From glory into glory

This morning, among various St Ignatius tweets and posts, I saw a Twitter thread from some people recalling their Jesuit-inspired schooldays, and having to write AMDG at the top of each essay. Ad Maiorem Dei Gloriam - the motto and cornerstone which some of my Jesuit friends still type at the start of their emails, desiring that whatever they write - just like the rest of their lives - should only be To the greater glory of God. 

And then, a little later, I saw this painting by the artist Stephen B Whatley, which I am using with his permission. The first thing I noticed was Ignatius' halo, and the fact that it is a reflection of the radiance surrounding the Eucharist. With my finger I traced an arc, from his halo, sweeping just above the image, and down into the identical outer rim of the monstrance's aureole. An identical radiance... a reflection... a continuation... of the glory of God...

And I thought of that wonder-inducing sentence from 2 Corinthians: And all of us, with unveiled faces, seeing the glory of the Lord as though reflected in a mirror, are being transformed into the same image, from one degree of glory to another. (3.18). And I thought, too, of the final lines from Charles Wesley's hymn Love divine, all loves excelling:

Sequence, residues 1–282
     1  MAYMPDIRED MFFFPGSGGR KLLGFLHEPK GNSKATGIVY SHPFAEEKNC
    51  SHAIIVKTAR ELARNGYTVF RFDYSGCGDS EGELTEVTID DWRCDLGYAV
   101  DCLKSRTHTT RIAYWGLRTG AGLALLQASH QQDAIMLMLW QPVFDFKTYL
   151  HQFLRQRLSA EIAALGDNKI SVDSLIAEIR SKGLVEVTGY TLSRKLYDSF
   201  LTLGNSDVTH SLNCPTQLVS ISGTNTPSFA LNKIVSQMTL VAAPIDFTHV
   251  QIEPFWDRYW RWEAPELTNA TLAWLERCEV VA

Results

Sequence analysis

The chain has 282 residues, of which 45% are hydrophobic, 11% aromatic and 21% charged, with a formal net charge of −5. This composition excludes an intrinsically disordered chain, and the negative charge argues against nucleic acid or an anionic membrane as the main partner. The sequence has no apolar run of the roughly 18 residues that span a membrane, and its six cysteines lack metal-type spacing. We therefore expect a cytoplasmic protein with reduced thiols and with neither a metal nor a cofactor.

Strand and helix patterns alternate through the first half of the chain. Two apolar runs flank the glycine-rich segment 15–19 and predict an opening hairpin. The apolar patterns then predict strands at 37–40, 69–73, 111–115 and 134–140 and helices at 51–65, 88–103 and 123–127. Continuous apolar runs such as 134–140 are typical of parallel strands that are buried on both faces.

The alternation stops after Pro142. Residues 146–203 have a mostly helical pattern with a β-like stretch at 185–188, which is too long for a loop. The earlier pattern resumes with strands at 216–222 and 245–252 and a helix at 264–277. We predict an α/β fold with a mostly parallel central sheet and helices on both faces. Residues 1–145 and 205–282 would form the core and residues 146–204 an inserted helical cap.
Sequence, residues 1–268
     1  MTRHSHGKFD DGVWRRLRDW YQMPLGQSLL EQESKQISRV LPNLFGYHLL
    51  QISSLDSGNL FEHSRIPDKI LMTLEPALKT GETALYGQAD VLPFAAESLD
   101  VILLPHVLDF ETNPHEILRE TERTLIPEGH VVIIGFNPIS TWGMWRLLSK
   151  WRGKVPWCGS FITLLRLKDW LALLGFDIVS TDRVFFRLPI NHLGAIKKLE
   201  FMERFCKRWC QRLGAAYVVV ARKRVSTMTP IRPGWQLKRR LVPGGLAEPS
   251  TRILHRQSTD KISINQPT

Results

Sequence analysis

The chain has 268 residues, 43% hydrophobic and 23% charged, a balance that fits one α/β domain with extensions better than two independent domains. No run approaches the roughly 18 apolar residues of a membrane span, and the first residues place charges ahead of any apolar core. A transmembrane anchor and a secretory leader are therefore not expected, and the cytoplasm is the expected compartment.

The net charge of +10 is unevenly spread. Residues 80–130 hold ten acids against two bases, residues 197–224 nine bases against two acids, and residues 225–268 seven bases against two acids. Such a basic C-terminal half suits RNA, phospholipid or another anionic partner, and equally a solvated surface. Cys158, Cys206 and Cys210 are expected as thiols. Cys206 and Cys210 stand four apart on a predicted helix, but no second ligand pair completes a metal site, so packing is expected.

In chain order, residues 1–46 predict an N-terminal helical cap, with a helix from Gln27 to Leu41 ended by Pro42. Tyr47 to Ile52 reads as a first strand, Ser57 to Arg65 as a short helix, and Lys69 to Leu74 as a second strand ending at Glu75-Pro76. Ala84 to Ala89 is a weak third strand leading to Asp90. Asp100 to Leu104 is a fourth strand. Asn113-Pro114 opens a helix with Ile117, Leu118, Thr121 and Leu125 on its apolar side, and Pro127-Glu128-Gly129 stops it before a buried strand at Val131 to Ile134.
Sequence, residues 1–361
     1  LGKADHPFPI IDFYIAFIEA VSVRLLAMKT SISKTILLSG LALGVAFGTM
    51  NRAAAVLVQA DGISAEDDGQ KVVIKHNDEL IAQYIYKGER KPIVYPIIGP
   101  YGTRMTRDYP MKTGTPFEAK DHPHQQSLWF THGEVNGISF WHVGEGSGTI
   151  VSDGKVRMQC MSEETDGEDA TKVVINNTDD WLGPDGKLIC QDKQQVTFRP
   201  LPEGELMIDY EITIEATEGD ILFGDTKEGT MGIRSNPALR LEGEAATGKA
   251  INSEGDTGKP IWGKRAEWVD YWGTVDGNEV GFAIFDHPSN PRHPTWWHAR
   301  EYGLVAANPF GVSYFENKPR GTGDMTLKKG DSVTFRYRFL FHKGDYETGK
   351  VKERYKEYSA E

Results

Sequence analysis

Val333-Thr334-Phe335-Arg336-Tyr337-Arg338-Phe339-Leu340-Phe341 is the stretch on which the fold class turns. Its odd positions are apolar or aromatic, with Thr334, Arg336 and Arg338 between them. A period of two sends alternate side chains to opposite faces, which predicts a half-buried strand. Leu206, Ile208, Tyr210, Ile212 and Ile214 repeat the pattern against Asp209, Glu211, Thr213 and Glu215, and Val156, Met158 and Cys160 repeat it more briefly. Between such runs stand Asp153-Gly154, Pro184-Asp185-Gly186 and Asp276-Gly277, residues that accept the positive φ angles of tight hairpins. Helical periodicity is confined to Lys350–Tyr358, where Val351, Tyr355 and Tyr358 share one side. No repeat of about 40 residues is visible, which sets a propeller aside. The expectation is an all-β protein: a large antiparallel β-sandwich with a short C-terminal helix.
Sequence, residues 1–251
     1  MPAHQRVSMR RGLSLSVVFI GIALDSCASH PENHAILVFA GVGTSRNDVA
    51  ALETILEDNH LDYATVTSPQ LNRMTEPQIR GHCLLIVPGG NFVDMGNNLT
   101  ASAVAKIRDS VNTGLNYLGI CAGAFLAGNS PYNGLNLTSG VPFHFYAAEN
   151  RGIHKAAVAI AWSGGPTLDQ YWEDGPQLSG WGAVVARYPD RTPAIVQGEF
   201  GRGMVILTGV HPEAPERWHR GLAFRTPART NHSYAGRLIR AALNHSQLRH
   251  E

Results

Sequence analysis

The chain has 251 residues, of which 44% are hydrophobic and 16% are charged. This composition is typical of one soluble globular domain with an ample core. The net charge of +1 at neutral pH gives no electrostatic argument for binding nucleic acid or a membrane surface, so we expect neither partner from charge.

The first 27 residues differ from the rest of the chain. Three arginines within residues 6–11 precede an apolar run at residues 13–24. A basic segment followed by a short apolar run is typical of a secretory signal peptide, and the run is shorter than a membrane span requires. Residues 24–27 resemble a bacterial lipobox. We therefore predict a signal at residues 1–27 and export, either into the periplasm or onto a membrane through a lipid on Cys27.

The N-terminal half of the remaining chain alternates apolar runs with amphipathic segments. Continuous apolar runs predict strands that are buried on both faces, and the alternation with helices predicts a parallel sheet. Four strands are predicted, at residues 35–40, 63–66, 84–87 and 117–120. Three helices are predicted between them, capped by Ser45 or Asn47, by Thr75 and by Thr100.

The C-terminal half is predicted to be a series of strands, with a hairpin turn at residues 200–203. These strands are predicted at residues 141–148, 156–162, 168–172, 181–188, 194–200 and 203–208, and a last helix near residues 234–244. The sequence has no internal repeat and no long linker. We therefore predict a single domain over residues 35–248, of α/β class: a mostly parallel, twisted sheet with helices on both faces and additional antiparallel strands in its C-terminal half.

Changed from glory into glory
till in heaven we take our place,
there to sing salvation's story
lost in wonder, love, and praise!

And in Shine, Jesus, Shine, too: 

As we gaze on your kingly brightness
So our faces display your likeness
Ever changing from glory to glory
Mirrored here may our lives tell your story
Shine on me, shine on me

Gazing upon God's glory... reflecting God's image... being transformed, from glory into glory... A holiness whose completion lies elsewhere, in the far greater light and radiance of Christ. The daily call to allow Jesus to be mirrored not just to me, but in me, in us; and our lives therefore being a constant telling and re-telling of his story of inclusive and self-giving love. And in the process we are transformed, and change from focusing on our own glory to that of God... Just like Ignatius, who as a young soldier thought only of his own glory, until he was attracted and overwhelmed by the sheer, compelling love and immensity and glory of God... and found himself on a journey of transformation into an image of the One he sought only to reflect. 

Happy feast to all my Ignatian friends... and may Ignatius' prayers  help us all respond to this call to allow ourselves to be transformed from one degree of glory to another, and be utterly lost in wonder, love and praise.